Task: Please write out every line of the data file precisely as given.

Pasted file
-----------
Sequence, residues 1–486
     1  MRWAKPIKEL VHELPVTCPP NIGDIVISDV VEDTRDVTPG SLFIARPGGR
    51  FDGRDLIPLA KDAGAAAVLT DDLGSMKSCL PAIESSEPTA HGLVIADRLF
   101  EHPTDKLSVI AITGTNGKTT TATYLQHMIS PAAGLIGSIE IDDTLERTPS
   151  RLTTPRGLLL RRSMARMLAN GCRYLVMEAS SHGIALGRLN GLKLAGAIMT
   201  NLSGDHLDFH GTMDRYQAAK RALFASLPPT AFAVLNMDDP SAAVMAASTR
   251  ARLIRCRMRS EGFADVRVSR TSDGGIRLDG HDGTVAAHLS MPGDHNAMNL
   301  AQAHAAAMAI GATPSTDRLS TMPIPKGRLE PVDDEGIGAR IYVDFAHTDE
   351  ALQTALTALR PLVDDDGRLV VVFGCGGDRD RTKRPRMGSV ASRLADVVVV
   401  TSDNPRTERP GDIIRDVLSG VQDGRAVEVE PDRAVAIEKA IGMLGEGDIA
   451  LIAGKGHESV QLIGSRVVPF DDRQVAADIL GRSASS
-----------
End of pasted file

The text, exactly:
Sequence, residues 1–486
     1  MRWAKPIKEL VHELPVTCPP NIGDIVISDV VEDTRDVTPG SLFIARPGGR
    51  FDGRDLIPLA KDAGAAAVLT DDLGSMKSCL PAIESSEPTA HGLVIADRLF
   101  EHPTDKLSVI AITGTNGKTT TATYLQHMIS PAAGLIGSIE IDDTLERTPS
   151  RLTTPRGLLL RRSMARMLAN GCRYLVMEAS SHGIALGRLN GLKLAGAIMT
   201  NLSGDHLDFH GTMDRYQAAK RALFASLPPT AFAVLNMDDP SAAVMAASTR
   251  ARLIRCRMRS EGFADVRVSR TSDGGIRLDG HDGTVAAHLS MPGDHNAMNL
   301  AQAHAAAMAI GATPSTDRLS TMPIPKGRLE PVDDEGIGAR IYVDFAHTDE
   351  ALQTALTALR PLVDDDGRLV VVFGCGGDRD RTKRPRMGSV ASRLADVVVV
   401  TSDNPRTERP GDIIRDVLSG VQDGRAVEVE PDRAVAIEKA IGMLGEGDIA
   451  LIAGKGHESV QLIGSRVVPF DDRQVAADIL GRSASS